Using a loudspeaker or amplifier between 10 p.m. and 7 a.m.

See a full list on Fairfax County’s website.

Violators of the ordinance can face both criminal and civil penalities. Criminal penalties for violation, a Class 2 misdemeanor, can be include jail time (up to six months) and/or a $1,000 fine. There can also be civil penalties of $250 (and $500 for subsequent offenses).

Some noises are excluded from regulation, including generators used in emergencies, snow removal, cars on the road, Metro trains and police or fire sirens. Citizens and businesses can also apply for temporary waivers.


Sign at dog park at Baron CameronIf your dog barks late at night you and your neighbors complain, you could get a ticket under proposed new Fairfax County noise ordinance changes.

The Fairfax County Board of Supervisors will vote on Tuesday to authorize a public hearing on changes to the noise ordinance that will aim to guarantee residents a little peace and quiet at night.

The public hearing will be held May 12 at 4 p.m. at the Fairfax County Government Center. If approved, the changes will go into effect the next day.

Here are some of the changes county staff seeks to make:

Activities on School and Recreational Grounds — Advertise a decibel range of 60 to 72 dBA for limiting the maximum noise level for cumulative noise, when loudspeakers are used.

“People Noise” — Begin prohibition on noise that can be heard in residential districts (read: party noise) at 11:00 p.m. on weekends and the day before a holiday.

Dog Parks — Begin dog park hours at 8:00 a.m. on weekends and holidays. This may be good news to residents of Longwood Grove in Reston, who in 2014 filed an injunction against the dog park at Baron Cameron Park, saying the excessive noise begins at 5:30 a.m.

Animal Noise — Any owner or person in control of any animal that allows or otherwise permits any such animal to  bark, howl, bay, meow, squawk, quack, crow or make such other sound between 10 p.m. and 7 a.m. that is plainly audible in any other residence with doors and windows closed could be in violation. There are exceptions and time rules. Read more details on the updated propoal.

Operation of Power Lawn Equipment — Permit the use of power lawn equipment, except leaf blowers, beginning at 5:30 a.m. for golf course maintenance when located more than 50 yards from a residence.

Trash Collection — No changes to current proposal.

Maximum Sound Levels — No changes to current proposal.

See all changes, exceptions and conditions in this chart from the county.

The county is seeking to use a proposed new Noise Ordinance to replace the current Noise Ordinance and the provisions that were put in place in 2013.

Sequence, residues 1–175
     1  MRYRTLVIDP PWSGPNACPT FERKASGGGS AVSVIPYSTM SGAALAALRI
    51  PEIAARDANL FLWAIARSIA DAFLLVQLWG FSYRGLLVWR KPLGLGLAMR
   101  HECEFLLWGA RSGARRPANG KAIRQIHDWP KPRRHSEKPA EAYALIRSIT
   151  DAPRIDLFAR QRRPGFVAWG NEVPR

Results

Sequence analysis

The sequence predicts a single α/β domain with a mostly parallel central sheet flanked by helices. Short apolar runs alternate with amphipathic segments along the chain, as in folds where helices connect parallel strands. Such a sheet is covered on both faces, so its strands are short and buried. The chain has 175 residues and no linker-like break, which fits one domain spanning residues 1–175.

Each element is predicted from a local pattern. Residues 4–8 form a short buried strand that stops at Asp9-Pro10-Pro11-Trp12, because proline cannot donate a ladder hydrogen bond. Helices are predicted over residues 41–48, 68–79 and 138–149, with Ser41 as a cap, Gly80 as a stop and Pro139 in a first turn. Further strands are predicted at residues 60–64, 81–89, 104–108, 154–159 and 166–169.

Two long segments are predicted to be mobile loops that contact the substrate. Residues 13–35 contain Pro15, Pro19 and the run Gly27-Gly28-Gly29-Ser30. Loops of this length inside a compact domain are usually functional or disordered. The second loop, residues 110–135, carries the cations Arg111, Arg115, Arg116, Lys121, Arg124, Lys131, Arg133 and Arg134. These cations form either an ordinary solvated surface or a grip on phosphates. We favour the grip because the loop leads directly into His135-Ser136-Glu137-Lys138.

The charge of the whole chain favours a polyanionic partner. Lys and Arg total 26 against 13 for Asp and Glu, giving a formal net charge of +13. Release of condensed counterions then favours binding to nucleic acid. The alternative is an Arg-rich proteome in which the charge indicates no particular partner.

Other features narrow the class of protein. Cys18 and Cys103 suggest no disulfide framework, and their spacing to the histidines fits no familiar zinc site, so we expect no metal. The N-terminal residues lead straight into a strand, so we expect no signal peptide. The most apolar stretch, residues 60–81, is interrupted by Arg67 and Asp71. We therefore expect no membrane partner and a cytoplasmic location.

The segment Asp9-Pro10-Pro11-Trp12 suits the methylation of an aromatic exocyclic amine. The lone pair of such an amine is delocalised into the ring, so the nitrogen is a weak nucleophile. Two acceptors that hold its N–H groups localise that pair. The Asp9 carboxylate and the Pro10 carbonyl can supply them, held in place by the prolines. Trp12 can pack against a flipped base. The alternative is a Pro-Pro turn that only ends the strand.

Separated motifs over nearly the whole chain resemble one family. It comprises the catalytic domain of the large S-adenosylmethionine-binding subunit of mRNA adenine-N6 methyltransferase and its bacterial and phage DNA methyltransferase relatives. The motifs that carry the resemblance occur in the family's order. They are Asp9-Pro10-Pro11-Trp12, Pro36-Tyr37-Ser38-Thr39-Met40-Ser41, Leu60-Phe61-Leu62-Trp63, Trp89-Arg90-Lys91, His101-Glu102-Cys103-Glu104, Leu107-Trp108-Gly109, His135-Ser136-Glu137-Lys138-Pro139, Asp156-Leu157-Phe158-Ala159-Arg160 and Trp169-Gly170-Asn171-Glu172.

In late 2013, the supervisors adopted the Excessive Sound Generation in Residential Districts provisions that allowed police to ticket a resident with misdemeanor charges if neighbors complain about noise.

In early 2014, county staff presented the first draft of a new Noise Ordinance (Chapter 108.1 of the County Code) to a Board of Supervisors’ committee.

The county held a series of public hearings in 2014, and in February 2015 developed an updated draft noise ordinance amendment and summary chart and requested guidance on several issues.

Baron Cameron Dog Park/file photo


Fairfax County Feel free to plan that big summer party: the Fairfax County Board of Supervisors on Tuesday scrapped plans for proposed new zoning rules on group assembly in private homes.

Earlier this year, the supervisors sought feedback from the public on new language in the zoning ordinance. The zoning ordinance would have banned large gatherings — more than 49 people — in private residences more than three times in a 40-day period.

The board said on Tuesday there was not enough public support to move forward with the proposal. The county held three public hearings on the subject and read 200 submitted comments. As a result, the proposal was removed from the 2014 Zoning Ordinance Work Program that the board approved at its Tuesday meeting.

The supervisors began considering the proposal in February, saying that “over the last several years, there have been complaints from residents regarding frequent and large gatherings at neighborhood homes. These gatherings can create parking, noise, and other concerns for the neighborhood.”

More from the county:

Although occasional, large gatherings – such as private parties, house concerts, religious meetings and social clubs – are expected and permissible activities at a home, gatherings that occur on a regular basis involving numerous people can detract from the residential nature of a neighborhood because most residential structures and neighborhoods are not designed to accommodate such events.

Accordingly, it is recommended that language be added to the Zoning Ordinance to define what is a permissible “group assembly,” and when associated with a residence, when such a group assembly is an appropriate “accessory use.” Currently, the Zoning Ordinance does not identify guidelines for the frequency or scale at which group assembly is considered to be a permitted accessory use to a dwelling.

Without such specificity, managing and addressing impacts of these large, frequent gatherings becomes problematic, and the County is limited in its ability to respond to neighborhood concerns.

The proposal was criticized by many local residents, including this Reston Now reader:

“What a ridiculous proposal. I can have groups of 49 but that 50th person is “over the top? Every 41 days is OK but 40 is too much? Do children count? How are the police going to enforce, will the residents need to hand out numbered tickets to all their party guests or maintain a guest list so that when the cops come knocking we can show them we are in compliance?”

“Will this be 49 total for the day or at any one time? Don’t our local representatives have something better to do (like implement a meals tax or raise my property taxes)?”